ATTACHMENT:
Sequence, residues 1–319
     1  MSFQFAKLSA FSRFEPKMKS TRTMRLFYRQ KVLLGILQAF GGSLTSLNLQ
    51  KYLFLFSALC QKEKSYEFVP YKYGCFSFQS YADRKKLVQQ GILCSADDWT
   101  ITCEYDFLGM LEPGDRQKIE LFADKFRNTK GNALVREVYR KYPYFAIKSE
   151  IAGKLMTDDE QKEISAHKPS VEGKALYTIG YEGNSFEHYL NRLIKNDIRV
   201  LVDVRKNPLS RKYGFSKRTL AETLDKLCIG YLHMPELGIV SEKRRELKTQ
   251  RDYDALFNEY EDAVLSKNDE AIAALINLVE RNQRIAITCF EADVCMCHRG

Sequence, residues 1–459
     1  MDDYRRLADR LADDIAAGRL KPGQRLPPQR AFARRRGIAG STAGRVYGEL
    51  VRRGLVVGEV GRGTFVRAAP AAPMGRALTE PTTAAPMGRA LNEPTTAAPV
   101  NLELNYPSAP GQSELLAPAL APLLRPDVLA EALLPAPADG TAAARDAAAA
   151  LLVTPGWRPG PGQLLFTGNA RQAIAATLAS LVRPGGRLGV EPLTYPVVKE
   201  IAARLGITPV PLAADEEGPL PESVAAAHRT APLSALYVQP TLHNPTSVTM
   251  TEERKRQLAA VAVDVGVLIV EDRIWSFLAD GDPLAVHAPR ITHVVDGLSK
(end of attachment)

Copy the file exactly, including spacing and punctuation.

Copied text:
Sequence, residues 1–319
     1  MSFQFAKLSA FSRFEPKMKS TRTMRLFYRQ KVLLGILQAF GGSLTSLNLQ
    51  KYLFLFSALC QKEKSYEFVP YKYGCFSFQS YADRKKLVQQ GILCSADDWT
   101  ITCEYDFLGM LEPGDRQKIE LFADKFRNTK GNALVREVYR KYPYFAIKSE
   151  IAGKLMTDDE QKEISAHKPS VEGKALYTIG YEGNSFEHYL NRLIKNDIRV
   201  LVDVRKNPLS RKYGFSKRTL AETLDKLCIG YLHMPELGIV SEKRRELKTQ
   251  RDYDALFNEY EDAVLSKNDE AIAALINLVE RNQRIAITCF EADVCMCHRG

Sequence, residues 1–459
     1  MDDYRRLADR LADDIAAGRL KPGQRLPPQR AFARRRGIAG STAGRVYGEL
    51  VRRGLVVGEV GRGTFVRAAP AAPMGRALTE PTTAAPMGRA LNEPTTAAPV
   101  NLELNYPSAP GQSELLAPAL APLLRPDVLA EALLPAPADG TAAARDAAAA
   151  LLVTPGWRPG PGQLLFTGNA RQAIAATLAS LVRPGGRLGV EPLTYPVVKE
   201  IAARLGITPV PLAADEEGPL PESVAAAHRT APLSALYVQP TLHNPTSVTM
   251  TEERKRQLAA VAVDVGVLIV EDRIWSFLAD GDPLAVHAPR ITHVVDGLSK